“It is our happiness to live in a land which admits of no religious establishment, nor of any persecution, of a civil kind, for conscience sake. In this we do most unfeignedly rejoice. If by a wish we could impose civil disabilities, or restrictions of any kind, on the Roman Catholics, or on any other sect, that wish should not be formed. We believe it to be as contrary to the spirit of true Christianity as to the civil liberty which is the glory of our land, that any form of religious faith should be more favored than another by secular authority.Truth has the best chance for a triumph, when she is left to the exercise of her own weapons reason, argument, and experience. In our humble judgment, the Roman Catholic Religion would drop all its frowning aspect on the peace of society in Britain, if there were no established church in that country. The author of the work before us, does indeed assert it to be an “indubitable fact, that sincere Roman Catholics cannot conscientiously be tolerant;" and it therefore might be argued, that we ought to guard by law, against their obtaining an ascendancy in the United States; lest, in that event, they should destroy the religious freedom which we so highly prize. But we have really no apprehensions on this subject. Suppose it to be as Mr. White asserts, (and we cannot refuse to admit that he is better acquainted with the genuine spirit of Popery than we are,) still we are satisfied, that any attempt to impose civil restrictions on the Roman Catholics, would do infinitely more harm than good. It would indicate that Protestants were afraid to trust their cause to the influence of truth alone. For ourselves, we have no such fear. Give us a fair field of argument, and we ask for nothing more; and with this, we are confident that our country has nothing to dread.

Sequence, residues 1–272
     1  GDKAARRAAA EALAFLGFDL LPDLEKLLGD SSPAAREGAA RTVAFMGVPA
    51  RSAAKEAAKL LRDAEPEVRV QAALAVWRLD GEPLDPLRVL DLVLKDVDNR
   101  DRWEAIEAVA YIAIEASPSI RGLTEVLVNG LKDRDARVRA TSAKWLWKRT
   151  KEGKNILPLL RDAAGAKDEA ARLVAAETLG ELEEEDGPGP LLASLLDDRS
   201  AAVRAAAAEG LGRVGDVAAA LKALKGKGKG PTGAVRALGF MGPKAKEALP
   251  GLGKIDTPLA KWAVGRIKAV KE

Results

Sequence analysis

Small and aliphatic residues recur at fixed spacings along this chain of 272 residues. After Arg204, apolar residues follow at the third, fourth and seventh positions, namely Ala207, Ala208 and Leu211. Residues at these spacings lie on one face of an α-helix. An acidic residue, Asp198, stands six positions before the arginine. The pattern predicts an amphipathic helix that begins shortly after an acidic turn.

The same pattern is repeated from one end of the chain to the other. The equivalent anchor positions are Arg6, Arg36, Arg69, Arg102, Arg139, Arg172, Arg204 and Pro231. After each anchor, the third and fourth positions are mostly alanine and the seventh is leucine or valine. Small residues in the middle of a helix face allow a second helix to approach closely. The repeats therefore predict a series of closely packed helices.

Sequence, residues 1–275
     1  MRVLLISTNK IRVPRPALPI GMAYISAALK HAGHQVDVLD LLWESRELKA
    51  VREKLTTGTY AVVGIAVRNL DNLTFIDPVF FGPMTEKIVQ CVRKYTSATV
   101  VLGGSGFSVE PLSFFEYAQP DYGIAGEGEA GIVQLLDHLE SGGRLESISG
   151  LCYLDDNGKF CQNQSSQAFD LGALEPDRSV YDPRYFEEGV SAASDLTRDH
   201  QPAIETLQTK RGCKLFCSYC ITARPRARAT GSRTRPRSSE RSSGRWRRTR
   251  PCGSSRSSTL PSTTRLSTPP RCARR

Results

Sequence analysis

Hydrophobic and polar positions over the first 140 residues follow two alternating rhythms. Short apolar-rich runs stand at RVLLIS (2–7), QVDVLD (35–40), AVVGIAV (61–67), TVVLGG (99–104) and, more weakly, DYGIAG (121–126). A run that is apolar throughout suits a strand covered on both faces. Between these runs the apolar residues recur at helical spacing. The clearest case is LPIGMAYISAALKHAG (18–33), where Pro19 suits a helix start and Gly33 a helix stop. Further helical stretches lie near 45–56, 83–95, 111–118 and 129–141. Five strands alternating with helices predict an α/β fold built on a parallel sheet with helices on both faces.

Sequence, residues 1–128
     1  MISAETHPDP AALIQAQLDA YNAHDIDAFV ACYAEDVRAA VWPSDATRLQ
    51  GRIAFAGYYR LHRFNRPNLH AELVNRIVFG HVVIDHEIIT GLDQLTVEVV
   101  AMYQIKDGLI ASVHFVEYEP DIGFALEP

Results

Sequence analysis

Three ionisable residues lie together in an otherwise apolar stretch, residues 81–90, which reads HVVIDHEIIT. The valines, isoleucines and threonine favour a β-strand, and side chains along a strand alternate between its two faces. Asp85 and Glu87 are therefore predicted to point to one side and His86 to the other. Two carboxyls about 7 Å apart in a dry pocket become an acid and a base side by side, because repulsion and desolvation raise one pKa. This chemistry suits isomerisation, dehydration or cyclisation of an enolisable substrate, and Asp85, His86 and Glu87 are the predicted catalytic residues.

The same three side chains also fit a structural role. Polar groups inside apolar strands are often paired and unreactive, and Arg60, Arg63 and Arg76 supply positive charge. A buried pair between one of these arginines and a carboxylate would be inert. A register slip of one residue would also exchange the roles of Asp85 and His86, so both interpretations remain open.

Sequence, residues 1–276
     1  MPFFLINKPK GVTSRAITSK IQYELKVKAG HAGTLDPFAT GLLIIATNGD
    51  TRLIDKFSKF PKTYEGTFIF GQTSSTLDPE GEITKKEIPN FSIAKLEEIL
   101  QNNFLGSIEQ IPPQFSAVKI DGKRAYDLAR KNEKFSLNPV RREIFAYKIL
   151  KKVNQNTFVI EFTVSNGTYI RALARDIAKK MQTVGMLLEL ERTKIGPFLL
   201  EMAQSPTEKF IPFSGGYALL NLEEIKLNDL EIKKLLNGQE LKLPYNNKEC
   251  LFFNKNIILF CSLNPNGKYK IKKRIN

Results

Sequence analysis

But while we are opposed to all persecution, we are equally opposed to indifference and a misnamed charity, in relation to this important matter. We question not that there have been, and now are, many individuals of real piety in the Roman Catholic communion; and yet we conscientiously believe that Popery is the “Man of sin,” of the New Testament. Taken as a system, it is corrupt in the extreme, and dangerous to the souls of men, beyond what can easily be described. It is therefore not to be expected that those who thus regard it, should not do every thing which they lawfully may, to prevent its prevalence and to unmask its delusions. We are bound to this by every principle and every consideration, which should have influence with us as friends. to 66the truth as it is in Jesus.” We are not to be told that this is bigotry and narrow-mindedness; and that all Christian sects would better take care of themselves and let their neighbours alone, Will the Romanists